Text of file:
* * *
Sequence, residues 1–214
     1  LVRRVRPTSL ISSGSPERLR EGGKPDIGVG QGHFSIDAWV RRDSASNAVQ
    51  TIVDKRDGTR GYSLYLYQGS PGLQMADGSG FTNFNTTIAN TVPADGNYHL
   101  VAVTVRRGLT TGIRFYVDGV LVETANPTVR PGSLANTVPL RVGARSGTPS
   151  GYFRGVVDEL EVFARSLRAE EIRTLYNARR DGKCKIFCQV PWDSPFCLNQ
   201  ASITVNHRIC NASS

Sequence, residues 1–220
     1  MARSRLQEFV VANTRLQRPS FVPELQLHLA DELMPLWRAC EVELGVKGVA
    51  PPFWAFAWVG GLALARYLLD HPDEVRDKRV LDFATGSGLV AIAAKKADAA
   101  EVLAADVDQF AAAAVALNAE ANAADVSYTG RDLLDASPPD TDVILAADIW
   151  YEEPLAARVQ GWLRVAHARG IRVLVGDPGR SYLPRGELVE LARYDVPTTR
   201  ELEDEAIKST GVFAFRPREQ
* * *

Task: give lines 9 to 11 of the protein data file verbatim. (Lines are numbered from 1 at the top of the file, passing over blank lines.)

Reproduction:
    51  PPFWAFAWVG GLALARYLLD HPDEVRDKRV LDFATGSGLV AIAAKKADAA
   101  EVLAADVDQF AAAAVALNAE ANAADVSYTG RDLLDASPPD TDVILAADIW
   151  YEEPLAARVQ GWLRVAHARG IRVLVGDPGR SYLPRGELVE LARYDVPTTR